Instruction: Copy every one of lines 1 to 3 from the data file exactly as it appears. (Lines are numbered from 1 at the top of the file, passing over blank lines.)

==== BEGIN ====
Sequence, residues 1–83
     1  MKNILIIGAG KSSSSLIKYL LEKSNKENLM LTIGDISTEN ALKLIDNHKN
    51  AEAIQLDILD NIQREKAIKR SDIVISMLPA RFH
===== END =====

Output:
Sequence, residues 1–83
     1  MKNILIIGAG KSSSSLIKYL LEKSNKENLM LTIGDISTEN ALKLIDNHKN
    51  AEAIQLDILD NIQREKAIKR SDIVISMLPA RFH